Please post your comments/questions on TSS blog.


1. Roland - March 31, 2014

Jeff talks about how difficult it suppossedly would be to keep a mars base from freezing during the night. Antarctic bases are kept warm around the year and during a night that lasts months. On mars you can collect heat during the day and use it at night if it’s necessary in the first place. Thermal mass of the base might be enough by itself to keep things comfy and insulation materials are also a useful item.

2. Dwayne Day - March 28, 2014


Flight 370, a mysterious ‘one-off,’ spurs calls to modernize tracking technology
By Joel Achenbach, Scott Higham and Ashley Halsey III, Friday, March 28, 7:59 PM

The bizarre tale of Malaysia Airlines Flight 370 comes at a time when flying is safer than ever. Nervous fliers squeeze the armrests for dear life, but most passengers have no problem nodding off as their jetliner cruises seven miles above the Earth. They have internalized the statistical truth that the most dangerous part of an airplane trip is the drive to the airport.

Yet disasters still happen, including this one. Officially declared a plane crash at sea with no survivors, the event remains so deeply mysterious that it seems premature to refer to the people aboard as deceased.

Viewed in the broad context of aviation safety, this weird case actually fits snugly within a recent pattern: Airline disasters now tend to be unprecedented in nature — what investigators call “one-offs.”

In the old days, planes typically went down because of engine failures, wind shear, collisions or some other familiar problem. But turbine engines almost never
fail these days. Improved radar
helps pilots dodge the lethal downdrafts of thunderstorms.
Collision-avoidance technology commands the pilots of converging planes to make diversionary maneuvers.

Even if Flight 370 is the ultimate one-off, aviation safety advocates say there are lessons to be learned from this tragedy, starting with the need for tamperproof equipment that would stream data in real time to satellites and reveal a plane’s position.

“This could well be the kind of ‘black swan’ event that requires everybody to carry a location device,” said Chris McLaughlin, senior vice president of Inmarsat, the satellite company that helped calculate the likely flight corridor of the missing plane.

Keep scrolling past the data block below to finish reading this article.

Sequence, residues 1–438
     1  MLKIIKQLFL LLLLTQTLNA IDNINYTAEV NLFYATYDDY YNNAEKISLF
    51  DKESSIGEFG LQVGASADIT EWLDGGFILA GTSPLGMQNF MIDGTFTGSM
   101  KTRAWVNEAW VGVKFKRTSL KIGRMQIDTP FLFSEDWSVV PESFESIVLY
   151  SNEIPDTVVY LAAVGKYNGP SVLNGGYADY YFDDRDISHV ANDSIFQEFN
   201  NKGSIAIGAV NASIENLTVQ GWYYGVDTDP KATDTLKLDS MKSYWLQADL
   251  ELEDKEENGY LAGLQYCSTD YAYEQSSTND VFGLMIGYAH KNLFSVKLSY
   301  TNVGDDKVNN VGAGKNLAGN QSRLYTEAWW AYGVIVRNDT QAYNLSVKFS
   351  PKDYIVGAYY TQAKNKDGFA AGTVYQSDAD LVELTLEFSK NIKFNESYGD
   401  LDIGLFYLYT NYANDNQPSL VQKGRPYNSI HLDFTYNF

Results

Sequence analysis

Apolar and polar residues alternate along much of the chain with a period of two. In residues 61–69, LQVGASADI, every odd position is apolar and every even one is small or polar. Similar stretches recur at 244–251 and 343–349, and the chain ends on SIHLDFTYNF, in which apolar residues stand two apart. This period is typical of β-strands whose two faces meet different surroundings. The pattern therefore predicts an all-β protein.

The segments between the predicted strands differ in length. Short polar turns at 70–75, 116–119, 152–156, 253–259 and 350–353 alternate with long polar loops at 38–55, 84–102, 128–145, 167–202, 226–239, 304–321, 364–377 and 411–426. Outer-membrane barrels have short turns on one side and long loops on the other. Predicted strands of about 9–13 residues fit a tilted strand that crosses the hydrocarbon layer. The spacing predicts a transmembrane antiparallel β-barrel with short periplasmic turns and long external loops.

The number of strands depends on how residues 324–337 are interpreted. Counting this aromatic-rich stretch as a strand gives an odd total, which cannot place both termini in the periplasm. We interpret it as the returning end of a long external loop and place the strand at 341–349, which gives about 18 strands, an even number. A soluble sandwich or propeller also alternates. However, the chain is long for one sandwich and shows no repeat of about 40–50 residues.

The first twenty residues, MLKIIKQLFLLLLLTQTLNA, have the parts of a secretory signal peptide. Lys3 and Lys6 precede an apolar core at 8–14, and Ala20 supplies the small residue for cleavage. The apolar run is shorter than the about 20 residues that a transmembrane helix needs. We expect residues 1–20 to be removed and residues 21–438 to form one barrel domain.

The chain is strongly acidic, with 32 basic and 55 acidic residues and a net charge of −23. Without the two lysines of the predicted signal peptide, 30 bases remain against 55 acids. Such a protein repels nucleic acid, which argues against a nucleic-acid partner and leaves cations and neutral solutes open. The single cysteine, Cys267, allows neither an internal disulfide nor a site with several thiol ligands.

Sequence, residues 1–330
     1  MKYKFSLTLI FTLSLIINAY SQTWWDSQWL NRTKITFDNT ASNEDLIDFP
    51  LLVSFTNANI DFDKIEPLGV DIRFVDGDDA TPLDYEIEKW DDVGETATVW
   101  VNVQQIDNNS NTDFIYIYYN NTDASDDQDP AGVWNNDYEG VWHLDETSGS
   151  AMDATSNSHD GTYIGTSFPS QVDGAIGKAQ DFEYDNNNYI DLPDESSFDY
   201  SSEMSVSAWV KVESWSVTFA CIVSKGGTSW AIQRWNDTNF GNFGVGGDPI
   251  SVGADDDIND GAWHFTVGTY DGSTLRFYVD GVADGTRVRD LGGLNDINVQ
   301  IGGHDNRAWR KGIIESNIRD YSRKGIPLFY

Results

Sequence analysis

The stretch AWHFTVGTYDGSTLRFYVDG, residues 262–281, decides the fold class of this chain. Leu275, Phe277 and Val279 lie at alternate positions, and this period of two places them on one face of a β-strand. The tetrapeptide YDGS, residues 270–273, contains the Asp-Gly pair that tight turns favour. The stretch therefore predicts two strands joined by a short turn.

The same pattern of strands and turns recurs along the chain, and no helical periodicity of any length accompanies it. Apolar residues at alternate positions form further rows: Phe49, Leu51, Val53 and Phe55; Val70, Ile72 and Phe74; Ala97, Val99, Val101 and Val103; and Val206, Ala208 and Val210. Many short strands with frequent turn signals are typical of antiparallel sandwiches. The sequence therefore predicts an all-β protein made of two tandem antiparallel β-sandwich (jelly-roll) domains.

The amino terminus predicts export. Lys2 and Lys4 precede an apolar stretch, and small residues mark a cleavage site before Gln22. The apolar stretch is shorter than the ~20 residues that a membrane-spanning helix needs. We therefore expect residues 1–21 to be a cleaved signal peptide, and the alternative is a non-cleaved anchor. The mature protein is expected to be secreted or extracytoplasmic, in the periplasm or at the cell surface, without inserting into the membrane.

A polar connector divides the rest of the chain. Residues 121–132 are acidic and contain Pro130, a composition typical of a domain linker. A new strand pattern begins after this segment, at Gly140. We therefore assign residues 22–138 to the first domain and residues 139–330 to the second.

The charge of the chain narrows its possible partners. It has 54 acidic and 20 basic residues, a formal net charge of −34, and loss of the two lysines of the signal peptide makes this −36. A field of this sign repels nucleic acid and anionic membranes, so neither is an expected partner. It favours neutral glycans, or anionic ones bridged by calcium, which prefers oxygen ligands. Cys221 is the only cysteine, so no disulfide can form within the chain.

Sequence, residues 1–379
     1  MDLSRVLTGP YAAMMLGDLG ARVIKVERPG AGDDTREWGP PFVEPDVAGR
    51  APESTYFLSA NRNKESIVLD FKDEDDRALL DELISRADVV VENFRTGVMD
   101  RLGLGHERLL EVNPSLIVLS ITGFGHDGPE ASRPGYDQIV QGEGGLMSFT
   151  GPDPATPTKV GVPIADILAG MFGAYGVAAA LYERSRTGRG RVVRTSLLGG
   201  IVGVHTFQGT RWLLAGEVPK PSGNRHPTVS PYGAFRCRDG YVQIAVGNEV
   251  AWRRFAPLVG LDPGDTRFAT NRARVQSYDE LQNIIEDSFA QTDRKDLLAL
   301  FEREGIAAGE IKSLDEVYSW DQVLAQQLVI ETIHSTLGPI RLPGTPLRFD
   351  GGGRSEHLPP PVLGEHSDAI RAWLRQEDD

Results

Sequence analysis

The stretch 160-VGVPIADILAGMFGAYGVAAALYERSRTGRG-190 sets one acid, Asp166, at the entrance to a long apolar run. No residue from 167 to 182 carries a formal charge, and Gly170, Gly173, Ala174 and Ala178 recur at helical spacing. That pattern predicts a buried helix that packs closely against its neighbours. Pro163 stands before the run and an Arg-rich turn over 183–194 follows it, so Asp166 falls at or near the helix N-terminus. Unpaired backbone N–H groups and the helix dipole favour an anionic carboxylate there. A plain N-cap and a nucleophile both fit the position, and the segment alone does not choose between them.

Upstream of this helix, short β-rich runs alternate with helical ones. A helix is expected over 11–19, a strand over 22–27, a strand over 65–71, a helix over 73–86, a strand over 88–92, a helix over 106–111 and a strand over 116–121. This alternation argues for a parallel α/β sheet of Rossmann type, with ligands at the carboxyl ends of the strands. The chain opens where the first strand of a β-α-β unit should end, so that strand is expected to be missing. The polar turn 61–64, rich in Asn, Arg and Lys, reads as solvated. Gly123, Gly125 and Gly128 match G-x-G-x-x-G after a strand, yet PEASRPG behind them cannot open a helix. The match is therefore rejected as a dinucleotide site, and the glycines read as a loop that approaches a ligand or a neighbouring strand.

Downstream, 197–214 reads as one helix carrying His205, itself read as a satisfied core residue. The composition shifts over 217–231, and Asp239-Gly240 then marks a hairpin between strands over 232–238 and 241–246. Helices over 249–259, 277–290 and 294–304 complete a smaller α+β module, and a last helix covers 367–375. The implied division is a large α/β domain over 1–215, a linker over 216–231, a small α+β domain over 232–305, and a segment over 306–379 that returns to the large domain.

“As a ticket-payer, wouldn’t you like to know that the authorities know where your plane is at all times?” he said. “This is not expensive. We’re talking maybe a dollar an hour or less to get that information off the plane.”

Mary Schiavo, former inspector general of the U.S. Department of Transportation, which includes the Federal Aviation Administration, would go even further. She’d like to see the full “black box” data — a massive amount of information about the plane’s performance — streamed to ground locations during flight.

“There’s lots of reasons to have streaming data — not the least of which is to foil criminals — and to solve the mystery of what happened to your plane. It would have helped in 9/11. It would have been immensely helpful here,” Schiavo said.

Star Navigation Systems Group, a Toronto company, has designed black-box technology that streams data in real time. It costs about $50,000 per plane, plus $10 more to transmit the data for each flying hour, chief executive Viraf S. Kapadia said. Only one customer has bought the system, he lamented.

“It’s all about the money for the airlines, even though it’s not a lot of money,” he said.

“We’re using 1970s technologies instead of the data streaming that’s been available for nearly a decade now,” said Paul Hudson, president of FlyersRights.org. “The fact that airplanes can basically disappear over water is not only troubling to passengers, but it also gives a heads-up to those who would do a terrorist act or a murder-suicide. They would be virtually undetected. These planes can fly to almost any place on Earth nonstop.”